Thursday, March 26, 2015

Soviet Influence on U.S. Foreign Policy

     I recently asked: did Soviet agents influence American policy before, during and immediately after World War Two?  I asked this in response to Harvey Klehr’s claim that Soviet agents within the U.S. government did not influence American policy.  Klehr wrote in the January 2014 issue of the New Criterion: “West’s American Betrayal makes serious historical interpretive errors that incorrectly attribute American military and diplomatic policy decisions to a coordinated plot by Soviet intelligence. In our more than twenty years of archivally based research on Soviet espionage in America, we have uncovered ample documentation of Soviet intelligence obtaining American technical, military, and diplomatic information but very little indicating successful policy manipulation.”  

I found Klehr’s assertion hard to believe.  I was wondering how widespread this belief was.  I wrote to R. Bruce Craig, the author of Treasonable Doubt, an excellent account of Harry Dexter White activities.  On March 15th he responded: “I can address the Klehr statement now without any hesitation: He is exactly and totally correct and its good to hear his views on the influence of Soviet espionage on American foreign policy has mellowed over time.  The evidence of policy manipulation is simply not clearly evident in the Soviet record or for that matter in the western sources I might add.  Policy manipulation, as you well know (as one who has focused years of work on the Morganthau Plan) is very difficult to prove and it is far too easy to stretch evidence to fit ones point of view.  That can be said of those who see sinister manipulation behind the Morganthau Plan (which as the evidence clearly shows was NOT the Soviet plan for Germany) and the same can be said of those who put great credence in the story of Operation Snow.  So often researchers have a theory and try to make the evidence fit their views ignoring the preponderance of evidence to the contrary.”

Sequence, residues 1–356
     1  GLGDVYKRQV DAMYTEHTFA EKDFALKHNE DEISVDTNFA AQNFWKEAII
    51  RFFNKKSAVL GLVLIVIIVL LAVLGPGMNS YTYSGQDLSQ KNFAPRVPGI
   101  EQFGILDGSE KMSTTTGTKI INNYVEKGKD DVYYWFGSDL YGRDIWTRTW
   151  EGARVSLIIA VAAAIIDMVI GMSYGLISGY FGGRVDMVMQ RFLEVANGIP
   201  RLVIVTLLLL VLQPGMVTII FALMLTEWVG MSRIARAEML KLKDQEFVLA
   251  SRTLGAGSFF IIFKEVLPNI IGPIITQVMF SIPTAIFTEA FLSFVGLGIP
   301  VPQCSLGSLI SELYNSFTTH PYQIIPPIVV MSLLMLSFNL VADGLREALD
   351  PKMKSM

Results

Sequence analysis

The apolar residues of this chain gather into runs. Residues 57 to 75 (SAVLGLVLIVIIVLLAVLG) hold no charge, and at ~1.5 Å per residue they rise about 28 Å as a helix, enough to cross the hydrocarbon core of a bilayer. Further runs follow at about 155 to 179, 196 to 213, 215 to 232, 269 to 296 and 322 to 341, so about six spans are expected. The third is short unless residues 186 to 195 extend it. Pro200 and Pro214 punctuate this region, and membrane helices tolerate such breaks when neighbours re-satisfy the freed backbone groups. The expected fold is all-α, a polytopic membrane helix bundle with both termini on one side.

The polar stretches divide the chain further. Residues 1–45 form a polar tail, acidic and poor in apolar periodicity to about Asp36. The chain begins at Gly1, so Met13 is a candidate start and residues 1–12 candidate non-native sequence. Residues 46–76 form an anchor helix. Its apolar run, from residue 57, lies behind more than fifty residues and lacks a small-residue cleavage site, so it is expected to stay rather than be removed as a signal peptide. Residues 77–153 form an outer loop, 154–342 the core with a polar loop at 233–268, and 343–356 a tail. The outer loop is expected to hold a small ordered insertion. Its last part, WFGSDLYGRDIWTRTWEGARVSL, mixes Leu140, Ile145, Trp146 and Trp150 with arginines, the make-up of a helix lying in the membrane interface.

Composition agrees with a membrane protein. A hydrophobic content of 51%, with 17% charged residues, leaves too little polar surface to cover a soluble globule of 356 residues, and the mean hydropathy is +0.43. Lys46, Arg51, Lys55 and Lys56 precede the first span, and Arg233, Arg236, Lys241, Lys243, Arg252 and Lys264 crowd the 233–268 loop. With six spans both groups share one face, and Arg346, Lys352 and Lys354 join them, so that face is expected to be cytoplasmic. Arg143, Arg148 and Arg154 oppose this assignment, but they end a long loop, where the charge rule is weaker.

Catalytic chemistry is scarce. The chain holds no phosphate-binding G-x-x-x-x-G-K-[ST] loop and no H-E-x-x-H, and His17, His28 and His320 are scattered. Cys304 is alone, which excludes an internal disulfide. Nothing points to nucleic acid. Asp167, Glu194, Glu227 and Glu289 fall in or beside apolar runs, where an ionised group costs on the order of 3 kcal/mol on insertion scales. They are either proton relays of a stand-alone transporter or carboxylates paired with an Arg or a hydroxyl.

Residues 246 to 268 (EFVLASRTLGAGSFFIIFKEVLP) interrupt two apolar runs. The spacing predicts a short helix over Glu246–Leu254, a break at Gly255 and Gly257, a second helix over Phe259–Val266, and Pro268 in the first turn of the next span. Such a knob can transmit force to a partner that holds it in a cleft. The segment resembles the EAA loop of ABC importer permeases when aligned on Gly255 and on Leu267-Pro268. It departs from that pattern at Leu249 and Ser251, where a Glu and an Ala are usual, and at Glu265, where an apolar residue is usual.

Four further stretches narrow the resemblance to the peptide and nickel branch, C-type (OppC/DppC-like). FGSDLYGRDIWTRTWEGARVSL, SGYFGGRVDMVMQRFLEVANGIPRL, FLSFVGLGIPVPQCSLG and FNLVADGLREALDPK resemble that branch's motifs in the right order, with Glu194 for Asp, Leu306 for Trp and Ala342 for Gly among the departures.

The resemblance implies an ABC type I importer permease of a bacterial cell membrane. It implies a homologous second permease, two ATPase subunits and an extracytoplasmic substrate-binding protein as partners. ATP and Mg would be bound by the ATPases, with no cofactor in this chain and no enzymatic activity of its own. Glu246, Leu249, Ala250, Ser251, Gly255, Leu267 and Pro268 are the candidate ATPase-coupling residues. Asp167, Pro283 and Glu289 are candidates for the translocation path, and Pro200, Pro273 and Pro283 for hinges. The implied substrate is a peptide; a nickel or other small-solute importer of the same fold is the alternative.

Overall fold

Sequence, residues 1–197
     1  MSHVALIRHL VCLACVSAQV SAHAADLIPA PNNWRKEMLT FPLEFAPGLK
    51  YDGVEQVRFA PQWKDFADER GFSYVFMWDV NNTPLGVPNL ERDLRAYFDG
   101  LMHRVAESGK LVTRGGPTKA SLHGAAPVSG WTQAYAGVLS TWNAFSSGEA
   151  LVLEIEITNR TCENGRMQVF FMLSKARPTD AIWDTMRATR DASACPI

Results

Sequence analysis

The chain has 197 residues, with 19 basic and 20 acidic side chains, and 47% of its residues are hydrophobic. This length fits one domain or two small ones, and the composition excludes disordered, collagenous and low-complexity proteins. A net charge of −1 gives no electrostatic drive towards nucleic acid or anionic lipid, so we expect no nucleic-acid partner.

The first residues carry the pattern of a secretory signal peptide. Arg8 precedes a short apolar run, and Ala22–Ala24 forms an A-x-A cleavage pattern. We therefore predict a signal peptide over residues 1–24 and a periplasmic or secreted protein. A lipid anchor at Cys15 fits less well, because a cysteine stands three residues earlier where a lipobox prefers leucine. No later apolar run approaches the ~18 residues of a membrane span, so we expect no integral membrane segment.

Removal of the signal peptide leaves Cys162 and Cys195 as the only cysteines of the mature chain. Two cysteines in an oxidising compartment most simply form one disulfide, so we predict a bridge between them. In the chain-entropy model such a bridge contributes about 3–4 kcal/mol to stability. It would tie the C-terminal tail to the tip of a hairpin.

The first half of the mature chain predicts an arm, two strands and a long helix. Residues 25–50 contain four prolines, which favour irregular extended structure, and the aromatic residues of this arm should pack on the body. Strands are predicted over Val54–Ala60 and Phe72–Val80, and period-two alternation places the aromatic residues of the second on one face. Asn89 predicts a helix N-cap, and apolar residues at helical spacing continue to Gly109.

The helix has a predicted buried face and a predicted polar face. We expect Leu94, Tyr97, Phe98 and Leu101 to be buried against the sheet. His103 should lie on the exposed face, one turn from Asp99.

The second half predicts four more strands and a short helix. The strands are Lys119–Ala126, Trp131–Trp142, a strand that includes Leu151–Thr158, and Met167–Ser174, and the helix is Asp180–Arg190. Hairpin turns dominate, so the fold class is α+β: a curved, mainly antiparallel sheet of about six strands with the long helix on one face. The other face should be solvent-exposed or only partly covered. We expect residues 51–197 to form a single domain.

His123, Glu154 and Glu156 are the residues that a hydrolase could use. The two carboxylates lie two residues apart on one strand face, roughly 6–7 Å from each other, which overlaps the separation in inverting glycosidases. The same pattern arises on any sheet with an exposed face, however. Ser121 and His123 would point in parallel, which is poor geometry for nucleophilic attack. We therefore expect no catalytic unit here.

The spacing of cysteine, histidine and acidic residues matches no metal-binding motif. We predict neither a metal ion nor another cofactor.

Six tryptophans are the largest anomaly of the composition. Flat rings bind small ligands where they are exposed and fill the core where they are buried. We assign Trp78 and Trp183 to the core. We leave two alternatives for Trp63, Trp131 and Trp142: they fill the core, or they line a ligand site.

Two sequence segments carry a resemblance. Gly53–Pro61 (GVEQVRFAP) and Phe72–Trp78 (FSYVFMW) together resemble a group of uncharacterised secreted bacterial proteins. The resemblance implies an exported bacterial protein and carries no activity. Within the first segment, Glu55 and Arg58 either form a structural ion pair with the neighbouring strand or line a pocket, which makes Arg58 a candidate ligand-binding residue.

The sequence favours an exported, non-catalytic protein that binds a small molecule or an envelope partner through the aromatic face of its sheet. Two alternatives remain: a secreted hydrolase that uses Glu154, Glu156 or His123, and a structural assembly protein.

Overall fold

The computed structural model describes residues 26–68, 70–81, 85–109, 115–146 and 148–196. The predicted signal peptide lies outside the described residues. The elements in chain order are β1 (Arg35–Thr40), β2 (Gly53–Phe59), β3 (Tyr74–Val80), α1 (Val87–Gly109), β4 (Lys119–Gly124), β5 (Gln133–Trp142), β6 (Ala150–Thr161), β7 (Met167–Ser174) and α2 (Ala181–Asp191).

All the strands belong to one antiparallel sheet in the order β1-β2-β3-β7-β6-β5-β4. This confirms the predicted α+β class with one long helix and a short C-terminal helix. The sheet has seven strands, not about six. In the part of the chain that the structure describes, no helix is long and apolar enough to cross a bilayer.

I also contacted Benn Steil, the author of The Battle of Bretton Woods.  He responded: "I’m certainly not an expert on this subject, broadly, but with regard to White it is largely true.  FDR, for example, rejected a large post-war loan to Moscow despite White having lobbied for it intensively.  One episode in which White did make important policy on behalf of Moscow, however, was in 1944 when he managed to orchestrate delivery of US currency plates for the German occupation to the Soviet Union."

     I have a great deal of respect for these gentlemen.  Through their research they have become intimately familiar with the activities of men like Harry Dexter White.  However, evidence of Soviet manipulation of American policy is so overwhelming that it is hard to believe that well respected experts in the field do not recognize it.  I do not believe I have “stretched evidence” to fit my point of view.  I have studied U.S. postwar planning policy and found it highly favorable to the Soviets.  I am certain a study of America’s Far Eastern policy would prove the same.  White played a role in this policy also.

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